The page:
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Afghanistan: A Bellwether for Saudi-Iranian Rivalry?

Afghanistan could emerge as a venue for Middle Eastern rivalries.

Takeaways


  • Afghanistan could be a bellwether for the future of the rivalry between Iran and Saudi Arabia.
  • Mohammed bin Salman is trying to distance Saudi Arabia from identification with austere interpretations of Islam that it has shared with the Taliban.
  • Iran sees its biggest threat in the formation of an anti-Iran political system in Afghanistan.
  • Before 2001, Saudi Arabia was one of only three countries to recognize the Taliban’s control of Afghanistan.
  • Afghanistan could emerge as a venue for Middle Eastern rivalries involving not only Saudi Arabia and Iran, but potentially also Turkey and Qatar.
  • Saudi steps to moderate the Taliban and facilitate a peaceful resolution of the Afghanistan conflict are unlikely to have ingratiated the kingdom with the Taliban.
  • Iran and Saudi Arabia might both end up backing a group, the Taliban, with a history of fire-breathing anti-Shiism.

Afghanistan boasts an almost 1,000-kilometer border with Iran and a history of troubled relations between the Iranians and Sunni Muslim militants, including the Taliban.

It could be a bellwether for the future of the rivalry between the Islamic Republic of Iran and Saudi Arabia.

Saudi Arabia’s role as a regional chameleon

Had the United States withdrawn from Afghanistan several years earlier, chances are that Saudi Arabia would have sought to exploit military advances by the Taliban in far less subtle ways than it may do now.

Saudi Arabia was still channeling funds in 2017 to anti-Iranian, anti-Shiite militants in the Iranian-Afghan-Pakistani border triangle and further south on the Pakistani side of the frontier.

Sharing an austere version of Islam

This was done despite Crown Prince Mohammed bin Salman’s efforts to distance the kingdom from identification with austere interpretations of Islam that shaped the country’s history and that it shared with the Taliban.

“The Taliban is a religious extremist group which is no stranger to extremism and murder, especially murdering Shias, and its hands are stained with the blood of our diplomats,” noted an Iranian cleric. He was referring to the 1998 killing of eight Iranian diplomats and a journalist in Afghanistan.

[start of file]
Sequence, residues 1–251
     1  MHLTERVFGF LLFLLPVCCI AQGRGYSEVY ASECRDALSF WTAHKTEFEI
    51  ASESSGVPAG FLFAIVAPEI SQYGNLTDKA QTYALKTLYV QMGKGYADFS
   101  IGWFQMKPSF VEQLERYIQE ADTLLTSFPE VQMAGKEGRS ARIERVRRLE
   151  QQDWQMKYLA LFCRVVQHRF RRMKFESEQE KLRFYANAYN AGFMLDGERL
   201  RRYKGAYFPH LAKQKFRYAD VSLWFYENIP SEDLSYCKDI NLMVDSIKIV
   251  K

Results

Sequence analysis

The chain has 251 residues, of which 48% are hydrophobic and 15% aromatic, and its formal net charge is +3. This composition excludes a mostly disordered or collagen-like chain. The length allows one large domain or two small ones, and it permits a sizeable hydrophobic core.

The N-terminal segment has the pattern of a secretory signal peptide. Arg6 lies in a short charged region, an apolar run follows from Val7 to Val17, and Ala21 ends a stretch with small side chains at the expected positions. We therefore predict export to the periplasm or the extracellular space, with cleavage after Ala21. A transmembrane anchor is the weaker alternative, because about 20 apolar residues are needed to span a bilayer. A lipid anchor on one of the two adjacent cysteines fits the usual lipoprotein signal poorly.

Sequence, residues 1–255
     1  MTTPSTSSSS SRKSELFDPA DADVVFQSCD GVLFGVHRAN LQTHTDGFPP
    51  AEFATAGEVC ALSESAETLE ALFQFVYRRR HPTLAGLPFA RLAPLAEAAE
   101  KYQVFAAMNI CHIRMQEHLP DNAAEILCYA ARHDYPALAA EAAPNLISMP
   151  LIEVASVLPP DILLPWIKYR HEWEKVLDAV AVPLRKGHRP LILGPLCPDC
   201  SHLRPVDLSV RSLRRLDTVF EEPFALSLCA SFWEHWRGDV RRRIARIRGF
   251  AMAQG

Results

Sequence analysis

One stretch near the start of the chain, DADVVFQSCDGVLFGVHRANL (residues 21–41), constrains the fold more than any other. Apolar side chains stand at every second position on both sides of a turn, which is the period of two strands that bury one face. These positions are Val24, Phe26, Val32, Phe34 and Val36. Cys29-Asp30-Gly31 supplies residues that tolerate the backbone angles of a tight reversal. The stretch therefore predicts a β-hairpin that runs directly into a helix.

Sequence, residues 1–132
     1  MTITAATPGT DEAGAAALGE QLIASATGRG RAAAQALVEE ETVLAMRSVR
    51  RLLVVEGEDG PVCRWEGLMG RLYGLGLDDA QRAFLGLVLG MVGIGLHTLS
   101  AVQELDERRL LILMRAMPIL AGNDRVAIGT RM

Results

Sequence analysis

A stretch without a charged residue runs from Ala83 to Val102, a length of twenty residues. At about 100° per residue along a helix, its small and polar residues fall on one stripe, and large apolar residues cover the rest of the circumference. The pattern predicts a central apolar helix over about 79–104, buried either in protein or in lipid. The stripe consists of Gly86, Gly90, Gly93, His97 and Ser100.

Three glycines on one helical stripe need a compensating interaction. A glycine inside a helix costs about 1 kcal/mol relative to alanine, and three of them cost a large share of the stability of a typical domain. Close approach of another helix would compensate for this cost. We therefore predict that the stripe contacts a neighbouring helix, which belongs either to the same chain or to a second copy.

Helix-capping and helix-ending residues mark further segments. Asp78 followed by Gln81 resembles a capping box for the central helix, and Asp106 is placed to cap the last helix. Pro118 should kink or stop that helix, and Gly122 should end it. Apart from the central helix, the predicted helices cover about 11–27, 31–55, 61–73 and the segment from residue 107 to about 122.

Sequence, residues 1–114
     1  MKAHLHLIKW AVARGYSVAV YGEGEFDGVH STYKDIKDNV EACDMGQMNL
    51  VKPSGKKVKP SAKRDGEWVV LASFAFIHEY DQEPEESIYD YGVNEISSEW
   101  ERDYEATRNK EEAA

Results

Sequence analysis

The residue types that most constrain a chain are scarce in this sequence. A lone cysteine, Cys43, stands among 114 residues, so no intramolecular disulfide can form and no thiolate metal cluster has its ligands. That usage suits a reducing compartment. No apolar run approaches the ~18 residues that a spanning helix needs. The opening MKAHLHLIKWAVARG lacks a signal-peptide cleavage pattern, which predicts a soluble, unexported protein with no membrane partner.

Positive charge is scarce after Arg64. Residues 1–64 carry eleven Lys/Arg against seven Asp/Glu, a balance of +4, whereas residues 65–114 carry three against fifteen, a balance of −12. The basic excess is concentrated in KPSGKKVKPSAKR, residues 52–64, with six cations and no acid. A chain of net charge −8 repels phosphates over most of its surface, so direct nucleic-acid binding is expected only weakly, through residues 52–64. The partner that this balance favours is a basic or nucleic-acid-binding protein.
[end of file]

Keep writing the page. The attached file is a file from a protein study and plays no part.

Afghanistan as tripwire for Iran

Outgoing Iranian Foreign Minister Mohammad Javad Zarif outlined the potential tripwire Afghanistan constitutes for Iran.

“If Iran doesn’t play well and makes an enemy out of the Taliban soon, I think some Arab countries in the Persian Gulf and the United States would attempt to finance and direct the Taliban to weaken Tehran and divert its attention away from Iraq and other Arab countries.

The biggest threat for us would be the formation of an anti-Iran political system in Afghanistan,” Mr. Zarif said.

Saudi Arabia’s early recognition of the Taliban

It is tempting to compare the potential problems that Iran would have with an Afghanistan controlled by the Taliban or a neighboring country at war with itself to Saudi Arabia’s Houthi troubles in Yemen.

Before the 2001 U.S. invasion of Afghanistan, Saudi Arabia was one of only three countries to recognize the Taliban’s control of the country.

At the time, it saw virtue in stirring the pot on Iran’s borders.

Much has changed not only in the last two decades but also in the last few years, since both Saudi Arabia and some Trump administration officials like then U.S. National Security Advisor John Bolton were toying with the idea of attempting to spark ethnic insurgencies inside Iran.

Afghanistan is neither Yemen — nor are the Taliban the Houthis

The Taliban have sought in recent weeks to assure Afghanistan’s neighbors that they seek cooperation and would not be supporting militancy beyond their country’s borders.

Last month, Iran hosted talks between the Taliban and the Afghan government that ended with a joint statement calling for a peaceful political settlement and declaring that “war is not the solution.”